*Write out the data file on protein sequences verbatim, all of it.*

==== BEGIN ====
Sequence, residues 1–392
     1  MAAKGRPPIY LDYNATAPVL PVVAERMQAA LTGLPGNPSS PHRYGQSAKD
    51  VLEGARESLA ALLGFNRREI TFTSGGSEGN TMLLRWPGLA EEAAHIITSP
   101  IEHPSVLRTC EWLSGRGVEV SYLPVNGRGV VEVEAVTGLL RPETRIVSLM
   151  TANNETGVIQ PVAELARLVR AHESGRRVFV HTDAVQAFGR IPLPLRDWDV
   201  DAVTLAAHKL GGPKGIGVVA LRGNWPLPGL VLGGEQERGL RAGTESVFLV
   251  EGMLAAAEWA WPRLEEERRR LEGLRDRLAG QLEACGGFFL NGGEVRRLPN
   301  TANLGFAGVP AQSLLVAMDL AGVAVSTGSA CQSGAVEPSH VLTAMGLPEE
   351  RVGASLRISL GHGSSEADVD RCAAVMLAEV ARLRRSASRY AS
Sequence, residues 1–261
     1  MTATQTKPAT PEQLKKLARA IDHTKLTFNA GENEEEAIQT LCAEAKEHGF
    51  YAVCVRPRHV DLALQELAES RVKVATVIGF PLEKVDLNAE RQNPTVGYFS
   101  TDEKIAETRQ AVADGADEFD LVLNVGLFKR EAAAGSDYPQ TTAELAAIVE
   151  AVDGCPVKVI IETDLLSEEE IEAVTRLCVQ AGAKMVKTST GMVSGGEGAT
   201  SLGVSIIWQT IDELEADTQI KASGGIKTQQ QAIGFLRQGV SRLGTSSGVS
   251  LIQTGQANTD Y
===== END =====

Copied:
Sequence, residues 1–392
     1  MAAKGRPPIY LDYNATAPVL PVVAERMQAA LTGLPGNPSS PHRYGQSAKD
    51  VLEGARESLA ALLGFNRREI TFTSGGSEGN TMLLRWPGLA EEAAHIITSP
   101  IEHPSVLRTC EWLSGRGVEV SYLPVNGRGV VEVEAVTGLL RPETRIVSLM
   151  TANNETGVIQ PVAELARLVR AHESGRRVFV HTDAVQAFGR IPLPLRDWDV
   201  DAVTLAAHKL GGPKGIGVVA LRGNWPLPGL VLGGEQERGL RAGTESVFLV
   251  EGMLAAAEWA WPRLEEERRR LEGLRDRLAG QLEACGGFFL NGGEVRRLPN
   301  TANLGFAGVP AQSLLVAMDL AGVAVSTGSA CQSGAVEPSH VLTAMGLPEE
   351  RVGASLRISL GHGSSEADVD RCAAVMLAEV ARLRRSASRY AS
Sequence, residues 1–261
     1  MTATQTKPAT PEQLKKLARA IDHTKLTFNA GENEEEAIQT LCAEAKEHGF
    51  YAVCVRPRHV DLALQELAES RVKVATVIGF PLEKVDLNAE RQNPTVGYFS
   101  TDEKIAETRQ AVADGADEFD LVLNVGLFKR EAAAGSDYPQ TTAELAAIVE
   151  AVDGCPVKVI IETDLLSEEE IEAVTRLCVQ AGAKMVKTST GMVSGGEGAT
   201  SLGVSIIWQT IDELEADTQI KASGGIKTQQ QAIGFLRQGV SRLGTSSGVS
   251  LIQTGQANTD Y